The Elements of Eloquence
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The Elements of Eloquence : Secrets of the Perfect Turn of Phrase

By (author) Mark Forsyth

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From classic poetry to pop lyrics, from Charles Dickens to Dolly Parton, even from Jesus to James Bond, Mark Forsyth explains the secrets that make a phrase--such as "O Captain! My Captain!" or "To be or not to be"--memorable. In his inimitably entertaining and wonderfully witty style, he takes apart famous phrases and shows how you too can write like Shakespeare or quip like Oscar Wilde. Whether you're aiming to achieve literary immortality or just hoping to deliver the perfect one-liner, "The Elements of Eloquence "proves that you don't need to have anything important to say--you simply need to say it well. In an age unhealthily obsessed with the power of substance, this is a book that highlights the importance of style.

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  • Paperback | 239 pages
  • 126 x 196 x 18mm | 220g
  • 15 Oct 2014
  • Penguin Putnam Inc
  • Berkley Publishing Corporation,U.S.
  • New York
  • English
  • 042527618X
  • 9780425276181
  • 220,135

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Author Information

Mark Forsyth, author of "The Horologicon" and "The Etymologicon," was given a copy of "The Oxford English Dictionary" as a christening present and has never looked back. He is the creator of "The Inky Fool," a blog about words, phrases, grammar, rhetoric, and prose. He has contributed to the" New York Times," "Wall Street Journal," and "Huffington Post." He lives in the UK.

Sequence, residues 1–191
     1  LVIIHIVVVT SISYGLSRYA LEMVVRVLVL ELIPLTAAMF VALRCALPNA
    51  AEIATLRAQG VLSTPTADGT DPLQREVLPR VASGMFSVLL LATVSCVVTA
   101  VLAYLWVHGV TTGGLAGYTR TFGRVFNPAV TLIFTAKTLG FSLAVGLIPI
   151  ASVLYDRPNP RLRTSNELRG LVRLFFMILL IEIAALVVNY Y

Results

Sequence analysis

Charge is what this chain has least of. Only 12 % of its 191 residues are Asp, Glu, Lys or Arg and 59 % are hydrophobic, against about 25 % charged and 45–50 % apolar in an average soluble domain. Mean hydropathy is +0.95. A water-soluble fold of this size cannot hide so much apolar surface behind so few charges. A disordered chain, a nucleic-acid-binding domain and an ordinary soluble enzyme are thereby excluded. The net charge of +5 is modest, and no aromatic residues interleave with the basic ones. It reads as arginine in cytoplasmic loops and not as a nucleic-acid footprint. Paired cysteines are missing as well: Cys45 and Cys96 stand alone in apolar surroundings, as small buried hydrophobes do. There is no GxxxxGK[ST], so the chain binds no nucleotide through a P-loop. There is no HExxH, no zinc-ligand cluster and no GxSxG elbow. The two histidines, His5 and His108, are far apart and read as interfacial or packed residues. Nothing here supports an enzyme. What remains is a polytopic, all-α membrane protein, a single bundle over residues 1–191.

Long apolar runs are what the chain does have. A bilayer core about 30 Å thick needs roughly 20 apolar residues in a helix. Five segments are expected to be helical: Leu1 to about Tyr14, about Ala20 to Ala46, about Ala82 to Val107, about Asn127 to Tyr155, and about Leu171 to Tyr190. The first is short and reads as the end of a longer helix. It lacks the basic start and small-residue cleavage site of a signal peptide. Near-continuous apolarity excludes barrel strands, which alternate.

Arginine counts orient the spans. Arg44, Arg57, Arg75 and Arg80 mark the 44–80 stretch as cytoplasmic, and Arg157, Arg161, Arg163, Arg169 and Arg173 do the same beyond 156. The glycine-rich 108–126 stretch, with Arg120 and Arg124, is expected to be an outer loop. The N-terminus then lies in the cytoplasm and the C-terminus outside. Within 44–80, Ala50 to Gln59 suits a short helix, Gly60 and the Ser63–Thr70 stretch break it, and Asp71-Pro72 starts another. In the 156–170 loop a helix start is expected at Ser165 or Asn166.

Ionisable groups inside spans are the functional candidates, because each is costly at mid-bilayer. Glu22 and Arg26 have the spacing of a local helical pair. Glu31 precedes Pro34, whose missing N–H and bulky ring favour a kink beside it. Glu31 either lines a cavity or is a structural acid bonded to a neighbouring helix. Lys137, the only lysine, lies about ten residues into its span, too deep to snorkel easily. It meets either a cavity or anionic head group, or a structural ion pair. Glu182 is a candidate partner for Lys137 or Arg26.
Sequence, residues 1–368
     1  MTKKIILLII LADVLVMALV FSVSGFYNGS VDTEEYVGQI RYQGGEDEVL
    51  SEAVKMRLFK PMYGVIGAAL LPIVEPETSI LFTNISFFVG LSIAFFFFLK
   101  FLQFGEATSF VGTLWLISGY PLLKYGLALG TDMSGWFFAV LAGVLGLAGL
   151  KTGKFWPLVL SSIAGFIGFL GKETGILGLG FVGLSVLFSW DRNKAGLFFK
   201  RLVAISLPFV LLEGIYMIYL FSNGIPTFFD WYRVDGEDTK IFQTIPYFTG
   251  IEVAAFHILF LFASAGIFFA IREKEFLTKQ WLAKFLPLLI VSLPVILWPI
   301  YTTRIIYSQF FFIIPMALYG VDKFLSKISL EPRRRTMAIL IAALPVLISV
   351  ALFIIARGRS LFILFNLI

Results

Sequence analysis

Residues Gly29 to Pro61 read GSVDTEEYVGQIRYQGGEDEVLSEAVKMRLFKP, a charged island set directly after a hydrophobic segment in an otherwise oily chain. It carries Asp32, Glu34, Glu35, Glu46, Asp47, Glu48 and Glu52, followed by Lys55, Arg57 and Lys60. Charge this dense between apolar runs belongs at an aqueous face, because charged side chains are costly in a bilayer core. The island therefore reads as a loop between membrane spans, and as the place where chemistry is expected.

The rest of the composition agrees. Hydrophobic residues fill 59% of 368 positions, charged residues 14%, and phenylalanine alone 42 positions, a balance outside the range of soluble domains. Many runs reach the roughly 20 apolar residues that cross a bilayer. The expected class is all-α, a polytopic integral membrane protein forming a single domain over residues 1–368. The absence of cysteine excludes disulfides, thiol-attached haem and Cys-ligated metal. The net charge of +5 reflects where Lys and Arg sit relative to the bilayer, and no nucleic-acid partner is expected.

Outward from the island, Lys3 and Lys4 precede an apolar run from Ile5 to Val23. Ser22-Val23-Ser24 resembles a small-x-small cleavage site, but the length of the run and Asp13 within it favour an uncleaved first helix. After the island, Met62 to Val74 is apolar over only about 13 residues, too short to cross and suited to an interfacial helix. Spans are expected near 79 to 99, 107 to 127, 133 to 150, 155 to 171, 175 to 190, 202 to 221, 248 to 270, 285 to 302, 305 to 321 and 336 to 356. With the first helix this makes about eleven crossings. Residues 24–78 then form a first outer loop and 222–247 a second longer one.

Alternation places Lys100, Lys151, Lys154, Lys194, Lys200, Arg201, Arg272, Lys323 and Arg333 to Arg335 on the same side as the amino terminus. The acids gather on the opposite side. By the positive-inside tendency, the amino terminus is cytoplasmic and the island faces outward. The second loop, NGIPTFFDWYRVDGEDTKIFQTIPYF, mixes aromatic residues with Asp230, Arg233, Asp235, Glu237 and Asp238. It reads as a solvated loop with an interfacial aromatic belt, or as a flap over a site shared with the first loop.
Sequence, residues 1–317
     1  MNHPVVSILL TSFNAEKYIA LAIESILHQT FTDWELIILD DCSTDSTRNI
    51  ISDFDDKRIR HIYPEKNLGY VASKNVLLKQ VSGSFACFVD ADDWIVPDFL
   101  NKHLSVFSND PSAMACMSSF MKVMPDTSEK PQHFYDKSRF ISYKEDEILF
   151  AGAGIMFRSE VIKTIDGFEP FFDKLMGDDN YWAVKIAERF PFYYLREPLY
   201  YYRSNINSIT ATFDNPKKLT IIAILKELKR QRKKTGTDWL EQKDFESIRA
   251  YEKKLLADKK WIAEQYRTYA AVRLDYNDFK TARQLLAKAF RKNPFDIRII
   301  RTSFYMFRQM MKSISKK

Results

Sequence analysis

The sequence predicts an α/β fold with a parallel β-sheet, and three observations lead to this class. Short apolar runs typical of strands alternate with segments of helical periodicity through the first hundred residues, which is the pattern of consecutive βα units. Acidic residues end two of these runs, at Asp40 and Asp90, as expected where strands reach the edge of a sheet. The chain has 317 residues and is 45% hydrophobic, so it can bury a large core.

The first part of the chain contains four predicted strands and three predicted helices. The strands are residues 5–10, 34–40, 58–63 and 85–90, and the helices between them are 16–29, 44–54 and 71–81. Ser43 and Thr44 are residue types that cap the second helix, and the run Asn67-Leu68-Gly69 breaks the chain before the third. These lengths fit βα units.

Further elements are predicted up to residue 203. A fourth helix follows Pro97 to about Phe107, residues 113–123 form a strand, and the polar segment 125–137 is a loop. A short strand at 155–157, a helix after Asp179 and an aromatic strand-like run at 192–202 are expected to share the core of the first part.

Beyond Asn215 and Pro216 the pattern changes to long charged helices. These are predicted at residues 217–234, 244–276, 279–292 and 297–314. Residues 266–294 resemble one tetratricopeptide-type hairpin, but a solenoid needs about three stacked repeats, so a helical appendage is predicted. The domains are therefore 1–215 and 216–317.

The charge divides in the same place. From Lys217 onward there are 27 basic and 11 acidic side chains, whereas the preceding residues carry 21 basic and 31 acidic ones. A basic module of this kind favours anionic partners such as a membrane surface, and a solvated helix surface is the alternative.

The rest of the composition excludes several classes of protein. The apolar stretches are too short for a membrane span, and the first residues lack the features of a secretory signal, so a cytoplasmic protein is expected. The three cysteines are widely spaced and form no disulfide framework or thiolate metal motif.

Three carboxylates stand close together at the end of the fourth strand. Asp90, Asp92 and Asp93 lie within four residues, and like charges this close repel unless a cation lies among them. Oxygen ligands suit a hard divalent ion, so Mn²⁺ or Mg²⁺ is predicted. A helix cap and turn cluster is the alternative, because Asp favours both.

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Review quote

Praise for "The Horologicon" "This is not a book to be gulped down at a sitting, but gently masticated to be savored in small bites...[Forsyth's] irreverent commentary on the history of the terms and when to use them is worth reading...Every page contains a new jewel for logophiles and verbivores everywhere."--"Publishers Weekly" "Forsyth's fascinating entries employ erudite humor and playful historical anecdotes to make these dusty old words sound fresh again. In doing so, he succeeds in creating a book to be not just browsed but absorbed. Get ready to be impressed and entertained."--"Library Journal" Praise for "The Etymologicon" "The Facebook of books...Before you know it, you've been reading for an hour."--"The Chicago Tribune" "A breezy, amusing stroll through the uncommon histories of some common English words...Snack-food style blends with health-food substance for a most satisfying meal."--"Kirkus Reviews" "The stocking filler of the season...How else to describe a book that explains the connection between Dom Perignon and "Mein Kampf.""--Robert McCrum, "The Observer"

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